4. I am so homesick!! Your pictures are great!

  5. Love what you’re doing, guys 🙂
    I’m there the last 2 weeks of April, let’s go for halo-halo!

  6. Kate: Is this Kate Delmo? if not which Kate? In any case lets hang out!

    • Kate Delmo indeed! lets!

      • Hi Kate! Musta na dyan sa frozen-land?

  7. I have never been in a place like that in the Philippines, or anywhere else. I have to admit, my initial discomfort. The germ-a-phobe in me was sending off blaring alarm bells in my mind as we were coming in.

    But I instantly calmed down when we entered their home. It was like any other Filipino home, clean, inviting, ASAP playing in the background, and Alex’s Lola just hanging out. Soon we were told that Alex’s aunt was off getting everyone Halo-Halo and a quick hello turned into a warm welcome. Vince and I were strangers to them, but they shared with us hospitality given to family, whether it was the best thing for them or not, given their limited resources.

    I will always remember that day. The sights and smells outside of their home would have faded in my memory if not for Alex’s pictures. What will remain is the kindness they showed, and the knowledge that inside every house like that I pass, and often turn away from, is a family’s home which may not be so different from my own. I have a deeper appreciation for all that has been given to me and a way of life I should never take for granted.

    • Thanks for this comment Dyan! I’m so glad you guys were cool with everything that day. I think one of the first things you’ll notice when really getting to know less well-off areas is that inside the homes they are very clean, and the outsides usually smell like laundry.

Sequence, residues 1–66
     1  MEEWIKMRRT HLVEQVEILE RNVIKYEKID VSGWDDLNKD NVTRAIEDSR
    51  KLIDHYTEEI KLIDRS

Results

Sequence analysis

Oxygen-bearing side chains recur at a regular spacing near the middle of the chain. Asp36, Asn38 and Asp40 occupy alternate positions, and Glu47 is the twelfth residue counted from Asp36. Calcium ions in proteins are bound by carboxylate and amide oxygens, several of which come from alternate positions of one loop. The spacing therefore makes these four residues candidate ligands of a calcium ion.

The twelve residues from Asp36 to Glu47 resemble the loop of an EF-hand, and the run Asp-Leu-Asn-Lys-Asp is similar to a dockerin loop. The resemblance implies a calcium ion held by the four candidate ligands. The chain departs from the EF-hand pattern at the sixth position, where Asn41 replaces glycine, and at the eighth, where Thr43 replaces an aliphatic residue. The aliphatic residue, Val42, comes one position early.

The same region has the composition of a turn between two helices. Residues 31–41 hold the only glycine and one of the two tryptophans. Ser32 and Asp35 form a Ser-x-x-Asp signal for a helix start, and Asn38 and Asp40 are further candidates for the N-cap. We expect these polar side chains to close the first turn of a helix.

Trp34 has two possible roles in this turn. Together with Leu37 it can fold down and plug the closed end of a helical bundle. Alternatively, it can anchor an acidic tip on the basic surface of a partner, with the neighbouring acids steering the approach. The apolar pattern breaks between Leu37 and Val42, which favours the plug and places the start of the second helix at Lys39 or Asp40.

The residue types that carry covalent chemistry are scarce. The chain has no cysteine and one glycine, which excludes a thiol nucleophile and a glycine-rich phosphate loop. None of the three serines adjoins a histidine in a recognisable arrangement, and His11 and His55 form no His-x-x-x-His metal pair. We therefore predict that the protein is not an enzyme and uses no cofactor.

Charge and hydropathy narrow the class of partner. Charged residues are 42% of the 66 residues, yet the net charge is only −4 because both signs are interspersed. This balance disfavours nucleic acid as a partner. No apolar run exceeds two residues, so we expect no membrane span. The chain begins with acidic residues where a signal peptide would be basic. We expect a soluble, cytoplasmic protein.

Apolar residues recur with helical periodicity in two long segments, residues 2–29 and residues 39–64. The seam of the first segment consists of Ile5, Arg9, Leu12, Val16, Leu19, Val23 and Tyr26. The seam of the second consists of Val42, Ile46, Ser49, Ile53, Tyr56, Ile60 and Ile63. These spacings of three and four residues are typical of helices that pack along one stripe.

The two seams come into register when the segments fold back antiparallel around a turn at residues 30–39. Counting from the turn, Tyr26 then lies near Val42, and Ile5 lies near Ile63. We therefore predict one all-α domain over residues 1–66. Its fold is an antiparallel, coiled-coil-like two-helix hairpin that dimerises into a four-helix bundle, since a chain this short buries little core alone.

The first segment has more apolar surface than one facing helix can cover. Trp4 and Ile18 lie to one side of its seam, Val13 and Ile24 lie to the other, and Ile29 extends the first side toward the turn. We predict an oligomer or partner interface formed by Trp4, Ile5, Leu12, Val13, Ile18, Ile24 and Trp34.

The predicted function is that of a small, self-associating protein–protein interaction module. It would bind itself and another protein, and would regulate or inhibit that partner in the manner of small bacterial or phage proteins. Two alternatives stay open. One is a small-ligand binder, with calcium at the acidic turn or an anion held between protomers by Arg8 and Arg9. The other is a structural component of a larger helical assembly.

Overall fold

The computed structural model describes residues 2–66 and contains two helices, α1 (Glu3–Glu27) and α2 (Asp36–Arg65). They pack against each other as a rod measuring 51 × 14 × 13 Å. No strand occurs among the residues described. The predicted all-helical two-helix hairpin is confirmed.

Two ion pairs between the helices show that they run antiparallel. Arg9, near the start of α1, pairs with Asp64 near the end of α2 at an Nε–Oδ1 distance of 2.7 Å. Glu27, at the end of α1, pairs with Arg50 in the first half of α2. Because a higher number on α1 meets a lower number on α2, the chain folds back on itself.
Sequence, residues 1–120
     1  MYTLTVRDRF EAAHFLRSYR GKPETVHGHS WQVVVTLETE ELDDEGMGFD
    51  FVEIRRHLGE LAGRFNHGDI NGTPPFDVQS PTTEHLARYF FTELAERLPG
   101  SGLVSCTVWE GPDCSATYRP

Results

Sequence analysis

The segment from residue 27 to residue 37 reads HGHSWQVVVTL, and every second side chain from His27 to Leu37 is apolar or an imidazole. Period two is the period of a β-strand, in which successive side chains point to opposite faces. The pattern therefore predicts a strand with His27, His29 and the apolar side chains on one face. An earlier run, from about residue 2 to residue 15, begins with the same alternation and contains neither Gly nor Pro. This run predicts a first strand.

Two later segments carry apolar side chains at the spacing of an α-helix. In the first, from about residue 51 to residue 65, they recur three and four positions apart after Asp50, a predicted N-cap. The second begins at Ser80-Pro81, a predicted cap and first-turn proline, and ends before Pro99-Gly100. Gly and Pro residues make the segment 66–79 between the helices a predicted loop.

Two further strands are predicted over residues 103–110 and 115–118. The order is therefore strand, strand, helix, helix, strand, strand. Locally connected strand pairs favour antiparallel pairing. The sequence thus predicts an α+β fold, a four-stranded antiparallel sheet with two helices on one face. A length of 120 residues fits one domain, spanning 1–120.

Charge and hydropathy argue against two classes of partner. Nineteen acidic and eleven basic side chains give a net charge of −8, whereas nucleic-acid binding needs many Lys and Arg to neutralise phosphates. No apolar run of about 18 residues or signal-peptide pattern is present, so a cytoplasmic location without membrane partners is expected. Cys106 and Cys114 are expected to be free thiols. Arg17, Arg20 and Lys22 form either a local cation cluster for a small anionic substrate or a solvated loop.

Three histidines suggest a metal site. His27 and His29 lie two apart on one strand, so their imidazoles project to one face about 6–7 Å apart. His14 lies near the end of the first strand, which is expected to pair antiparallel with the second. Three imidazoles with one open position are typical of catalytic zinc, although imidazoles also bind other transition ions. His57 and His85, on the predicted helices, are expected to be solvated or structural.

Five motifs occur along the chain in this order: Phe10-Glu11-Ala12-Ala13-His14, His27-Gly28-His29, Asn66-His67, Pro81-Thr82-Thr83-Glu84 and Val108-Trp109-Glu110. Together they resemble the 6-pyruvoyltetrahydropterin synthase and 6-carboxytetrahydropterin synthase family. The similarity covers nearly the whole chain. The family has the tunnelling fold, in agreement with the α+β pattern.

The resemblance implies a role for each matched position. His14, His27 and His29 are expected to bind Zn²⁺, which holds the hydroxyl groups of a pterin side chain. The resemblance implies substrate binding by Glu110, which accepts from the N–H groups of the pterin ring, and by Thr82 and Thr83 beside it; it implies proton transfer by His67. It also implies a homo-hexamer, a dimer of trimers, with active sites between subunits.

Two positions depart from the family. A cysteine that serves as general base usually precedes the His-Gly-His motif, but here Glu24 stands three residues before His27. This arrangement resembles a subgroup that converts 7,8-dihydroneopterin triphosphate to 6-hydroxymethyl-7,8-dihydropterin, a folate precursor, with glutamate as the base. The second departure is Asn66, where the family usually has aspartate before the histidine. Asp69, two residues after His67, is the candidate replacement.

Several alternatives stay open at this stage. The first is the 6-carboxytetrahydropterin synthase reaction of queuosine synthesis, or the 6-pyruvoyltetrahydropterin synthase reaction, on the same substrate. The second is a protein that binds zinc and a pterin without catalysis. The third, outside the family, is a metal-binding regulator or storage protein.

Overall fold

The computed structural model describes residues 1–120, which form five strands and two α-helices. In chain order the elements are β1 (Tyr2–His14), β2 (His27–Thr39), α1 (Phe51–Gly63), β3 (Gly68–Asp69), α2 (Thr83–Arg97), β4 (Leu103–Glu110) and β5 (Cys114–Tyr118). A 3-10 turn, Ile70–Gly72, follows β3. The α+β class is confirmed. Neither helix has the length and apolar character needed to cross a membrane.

If you’re interested I can hook you up with people/orgs that can bring you further into that world–this might be useful for a story, or maybe even if you want to volunteer somehow…

      • Man, that’s amazing — Dyan’s comment is exactly what I wanted to hear – honest observations and all. Experiences like that and vice-versa are what we need to break down walls.

        Alex, I wonder if you’ll feel queasy also if you went to visit someone’s mansion in Alabang or something? Do you think?

        Man, that’s a project in itself — trading places, Philippines style.

  8. i like this post, alex. thanks for showing us the images of what it’s like inside the slums of manila. you have shown the humanity and hospitality of people who live below the poverty line, things that people tend/ prefer not to think about because it’s not pretty and doesn’t feel comfortable to be faced with poverty. thanks.

    • Thanks Bombes. Keep in mind though that this isn’t quite the worst of the ‘slums,’ and my relatives may be offended by your calling it that. These are working class homes of people with their own businesses (streetstalls).

      Hold on, we’ll be showing you the full-on urban poor soon…

  9. I used to live in an area like this in highschool when I was around 12 – 13 years old together with my elder sister. We were two “probinsyana” teenagers moving to the city to attend highschool. We rented a room and included in that room are our other friends/enemie: RATS. They were all over, they would always come at night to visit us. They would always keep us awake at night. We had a kerosene-stove, a small radio (our only form of entertainment), a small folding bed (so small that my sister and I would sleep with our heads on the opposite ends. I always hit her in the face. LOL) and a “balikbayan” box as our dinner table.

    Sure, I was scared at first because I didn’t know my way around the city. But slowly, I got used to it. One step can lead to the other. All you need to do is take that first step. 🙂


Comments RSS TrackBack Identifier URI

Leave a Reply

Fill in your details below or click an icon to log in:

WordPress.com Logo

You are commenting using your WordPress.com account. Log Out / Change )

Twitter picture

You are commenting using your Twitter account. Log Out / Change )

Facebook photo

You are commenting using your Facebook account. Log Out / Change )

Google+ photo

You are commenting using your Google+ account. Log Out / Change )

Connecting to %s